"My whole company relied upon the Kellogg support network," says Guillermo Trias, a 2004 MBA who founded his company, Spanish food importer Solex Partners, during his second year at Kellogg. "We developed our business plan in an entrepreneurship class, we developed our marketing plan in a marketing class, we got our lawyers through the Northwestern Law School. So it was very natural for us to host a Kellogg intern."

To offer a competitive wage, host companies pay half of each intern's stipend, while the Levy Center covers the rest. That arrangement helped Julia Stamberger '02, president and CEO of GoPicnic, acquire high-level Kellogg talent at a reasonable price.

"In the early years, you can't afford lots of resources, so the half-and-half arrangement made this affordable," says Stamberger, whose company creates and packages ready-to-eat boxed meals. "It's great for us, and it's great for them — there's no guidebook for becoming an entrepreneur other than experience."

  Guillermo Trias '04
  Guillermo Trias '04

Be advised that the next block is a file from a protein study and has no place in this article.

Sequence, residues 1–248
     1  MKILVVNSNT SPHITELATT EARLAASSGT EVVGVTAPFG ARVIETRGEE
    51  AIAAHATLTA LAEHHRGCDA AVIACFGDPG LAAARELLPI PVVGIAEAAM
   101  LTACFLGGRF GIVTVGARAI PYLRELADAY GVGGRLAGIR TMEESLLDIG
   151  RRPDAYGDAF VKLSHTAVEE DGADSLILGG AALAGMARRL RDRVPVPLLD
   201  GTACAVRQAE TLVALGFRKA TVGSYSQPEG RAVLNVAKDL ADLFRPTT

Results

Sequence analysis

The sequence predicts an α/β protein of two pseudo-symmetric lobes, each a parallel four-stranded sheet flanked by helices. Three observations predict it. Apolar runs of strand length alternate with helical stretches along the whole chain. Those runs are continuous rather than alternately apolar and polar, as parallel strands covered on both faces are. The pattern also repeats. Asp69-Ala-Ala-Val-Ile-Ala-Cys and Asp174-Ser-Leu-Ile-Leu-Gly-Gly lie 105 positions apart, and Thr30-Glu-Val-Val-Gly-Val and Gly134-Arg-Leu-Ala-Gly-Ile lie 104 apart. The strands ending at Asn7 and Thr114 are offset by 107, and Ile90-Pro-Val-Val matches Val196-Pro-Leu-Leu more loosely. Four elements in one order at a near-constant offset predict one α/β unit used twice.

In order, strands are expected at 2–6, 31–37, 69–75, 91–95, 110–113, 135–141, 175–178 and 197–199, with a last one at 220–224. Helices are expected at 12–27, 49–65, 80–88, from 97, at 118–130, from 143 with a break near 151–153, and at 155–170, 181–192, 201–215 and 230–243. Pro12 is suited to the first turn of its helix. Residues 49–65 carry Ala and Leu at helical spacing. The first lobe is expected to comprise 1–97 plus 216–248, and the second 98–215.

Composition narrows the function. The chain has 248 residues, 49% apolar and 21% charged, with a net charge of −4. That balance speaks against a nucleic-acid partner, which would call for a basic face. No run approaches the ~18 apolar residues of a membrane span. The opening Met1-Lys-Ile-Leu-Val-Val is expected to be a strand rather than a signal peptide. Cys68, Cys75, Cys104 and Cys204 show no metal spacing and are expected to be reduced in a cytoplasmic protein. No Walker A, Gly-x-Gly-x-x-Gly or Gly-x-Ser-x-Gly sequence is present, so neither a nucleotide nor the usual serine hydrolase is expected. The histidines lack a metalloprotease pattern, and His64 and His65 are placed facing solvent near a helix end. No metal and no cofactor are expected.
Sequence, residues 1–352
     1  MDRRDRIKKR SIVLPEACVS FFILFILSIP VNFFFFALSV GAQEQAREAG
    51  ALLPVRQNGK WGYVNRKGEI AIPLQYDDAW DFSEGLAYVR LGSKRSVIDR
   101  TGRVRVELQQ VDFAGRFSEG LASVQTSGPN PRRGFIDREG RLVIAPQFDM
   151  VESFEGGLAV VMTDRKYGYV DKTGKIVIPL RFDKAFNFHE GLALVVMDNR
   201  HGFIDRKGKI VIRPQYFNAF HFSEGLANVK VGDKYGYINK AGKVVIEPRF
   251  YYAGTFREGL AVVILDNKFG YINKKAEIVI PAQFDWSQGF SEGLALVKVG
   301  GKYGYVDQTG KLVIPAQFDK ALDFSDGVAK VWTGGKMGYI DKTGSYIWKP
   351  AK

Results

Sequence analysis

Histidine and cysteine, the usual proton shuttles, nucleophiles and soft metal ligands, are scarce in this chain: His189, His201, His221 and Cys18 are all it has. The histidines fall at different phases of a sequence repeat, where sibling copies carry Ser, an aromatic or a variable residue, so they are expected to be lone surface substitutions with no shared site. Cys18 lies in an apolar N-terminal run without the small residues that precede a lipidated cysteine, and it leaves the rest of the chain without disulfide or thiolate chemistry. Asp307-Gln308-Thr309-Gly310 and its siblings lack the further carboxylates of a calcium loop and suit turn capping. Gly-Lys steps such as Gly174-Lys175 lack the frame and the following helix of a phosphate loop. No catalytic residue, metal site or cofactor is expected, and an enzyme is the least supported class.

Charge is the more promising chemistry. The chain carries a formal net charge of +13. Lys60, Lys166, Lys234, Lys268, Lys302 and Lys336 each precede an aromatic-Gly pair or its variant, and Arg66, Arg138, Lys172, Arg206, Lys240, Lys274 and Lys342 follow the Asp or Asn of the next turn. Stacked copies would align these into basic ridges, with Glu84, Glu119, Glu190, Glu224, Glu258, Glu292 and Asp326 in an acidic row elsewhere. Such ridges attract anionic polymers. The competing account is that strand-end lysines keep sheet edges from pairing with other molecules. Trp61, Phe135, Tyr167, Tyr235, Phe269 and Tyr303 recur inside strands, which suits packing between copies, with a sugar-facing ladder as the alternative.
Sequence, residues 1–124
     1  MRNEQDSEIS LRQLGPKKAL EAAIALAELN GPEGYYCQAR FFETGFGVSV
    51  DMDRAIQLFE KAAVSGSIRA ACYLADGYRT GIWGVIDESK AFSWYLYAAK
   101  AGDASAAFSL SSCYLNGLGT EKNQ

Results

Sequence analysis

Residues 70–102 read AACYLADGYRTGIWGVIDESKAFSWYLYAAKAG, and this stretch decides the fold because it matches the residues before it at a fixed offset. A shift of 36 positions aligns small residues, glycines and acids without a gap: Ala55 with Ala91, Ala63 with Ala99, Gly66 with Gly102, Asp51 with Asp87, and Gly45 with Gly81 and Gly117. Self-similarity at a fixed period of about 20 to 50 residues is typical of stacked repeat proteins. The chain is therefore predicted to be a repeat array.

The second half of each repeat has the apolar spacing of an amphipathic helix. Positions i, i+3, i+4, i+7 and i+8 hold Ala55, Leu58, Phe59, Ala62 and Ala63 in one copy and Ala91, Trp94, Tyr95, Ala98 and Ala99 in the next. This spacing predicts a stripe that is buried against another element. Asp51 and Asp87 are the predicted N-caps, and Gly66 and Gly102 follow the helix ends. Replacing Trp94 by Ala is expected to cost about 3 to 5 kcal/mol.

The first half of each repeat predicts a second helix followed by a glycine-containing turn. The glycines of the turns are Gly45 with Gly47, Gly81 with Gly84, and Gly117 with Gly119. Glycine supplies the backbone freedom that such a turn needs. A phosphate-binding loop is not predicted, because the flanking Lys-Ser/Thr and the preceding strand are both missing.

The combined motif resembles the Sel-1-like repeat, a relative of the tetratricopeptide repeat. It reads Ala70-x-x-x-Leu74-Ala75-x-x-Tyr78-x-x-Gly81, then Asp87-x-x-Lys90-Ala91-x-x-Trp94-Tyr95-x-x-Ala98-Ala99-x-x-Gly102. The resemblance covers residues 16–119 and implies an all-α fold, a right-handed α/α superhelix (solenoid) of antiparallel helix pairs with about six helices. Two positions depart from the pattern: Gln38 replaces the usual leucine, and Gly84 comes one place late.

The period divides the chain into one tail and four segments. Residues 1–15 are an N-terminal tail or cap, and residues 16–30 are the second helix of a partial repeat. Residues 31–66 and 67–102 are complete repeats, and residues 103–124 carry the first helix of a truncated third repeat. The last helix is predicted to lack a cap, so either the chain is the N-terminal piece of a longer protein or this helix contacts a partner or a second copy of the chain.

Once on board, Kellogg interns focus on a specific project for their companies. At GoPicnic, Stamberger placed Trupti Darji in charge of implementing and customizing an enterprise resource planning system. At entertainment promoter Jeff McClusky & Associates (JMA), Carlos Cortez '09 was part of a team that developed a strategic business plan against the framework of a challenging industry undergoing rapid change. And at Solex Partners, Javier Figar created a marketing and sales plan, aimed at doubling revenues within two years.

"My background is in investment banking, so this really was a new thing for me," says Figar '08. "But it did fit with my analytic mind, my structured approach to problems and the knowledge and skills gathered during my first year at Kellogg. I brought a fresh perspective to the management team."